The milestone came at about 11 a.m. local time, or 6 a.m., E.T. The outbreak has killed more than 4,500 in West Africa is remains unchecked in Liberia, Sierra Leone and Guinea, so Nigeria is by no means immune to another outbreak.
Nigerian Minister of Health Onyebuchi Chukwu told TIME:
“It’s possible to control Ebola. It’s possible to defeat Ebola. We’ve seen it here in Nigeria. If any cases emerge in the future, it will be considered—by international standards—a separate outbreak. If that happens, Nigeria will be ready and able to confront it exactly as we have done with this outbreak.”
For the WHO to declare Nigeria as Ebola-free, the country had to make it 42 days with no new cases (double the incubation period), verify that it actively sought out all possible contacts, and show negative test results for any suspected cases.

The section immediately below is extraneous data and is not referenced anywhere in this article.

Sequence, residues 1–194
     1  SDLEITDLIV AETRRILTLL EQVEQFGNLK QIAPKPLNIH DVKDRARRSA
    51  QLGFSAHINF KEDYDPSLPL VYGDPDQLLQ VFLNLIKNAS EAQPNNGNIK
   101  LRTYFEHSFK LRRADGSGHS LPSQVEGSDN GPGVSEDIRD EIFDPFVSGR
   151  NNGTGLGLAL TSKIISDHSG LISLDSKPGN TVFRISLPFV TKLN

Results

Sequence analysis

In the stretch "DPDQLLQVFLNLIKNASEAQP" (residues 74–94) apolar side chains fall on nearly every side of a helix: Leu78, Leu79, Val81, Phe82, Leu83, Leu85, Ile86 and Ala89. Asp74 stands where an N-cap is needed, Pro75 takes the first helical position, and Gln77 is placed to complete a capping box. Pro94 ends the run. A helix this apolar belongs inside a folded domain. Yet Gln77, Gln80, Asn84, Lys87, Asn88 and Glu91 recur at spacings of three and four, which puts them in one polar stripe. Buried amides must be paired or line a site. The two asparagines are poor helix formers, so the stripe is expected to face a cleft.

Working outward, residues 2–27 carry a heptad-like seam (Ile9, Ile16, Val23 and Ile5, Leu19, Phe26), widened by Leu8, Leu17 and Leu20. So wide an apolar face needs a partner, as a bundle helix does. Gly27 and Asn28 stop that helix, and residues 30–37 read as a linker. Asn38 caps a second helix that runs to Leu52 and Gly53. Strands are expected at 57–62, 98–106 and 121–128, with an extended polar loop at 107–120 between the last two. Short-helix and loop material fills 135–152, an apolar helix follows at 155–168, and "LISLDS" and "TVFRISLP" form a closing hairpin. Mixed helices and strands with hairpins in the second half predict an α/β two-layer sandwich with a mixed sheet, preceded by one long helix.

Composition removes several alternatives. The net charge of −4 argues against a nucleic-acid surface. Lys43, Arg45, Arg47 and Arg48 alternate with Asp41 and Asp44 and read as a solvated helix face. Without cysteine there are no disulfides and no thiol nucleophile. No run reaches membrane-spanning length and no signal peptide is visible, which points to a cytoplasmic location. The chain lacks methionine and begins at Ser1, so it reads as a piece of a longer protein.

Nigeria had 20 cases of Ebola after a Liberian-American man named Patrick Sawyer flew into Lagos and collapsed at the airport. Health care workers treating Sawyer were infected, and as it spread it ultimately killed eight people, a low number next to the thousands of cases and deaths in other countries. Nigeria’s health system is considered more robust, but there was significant concern from experts that a case would pop up in one of the country’s dense-populated slums and catch fire.
Congratulations to the Federal Government of Nigeria and its good citizens!!
Source: Time Magazine
Photo Credit: Akintunde Akinleye—Reuters | takeonafrica.com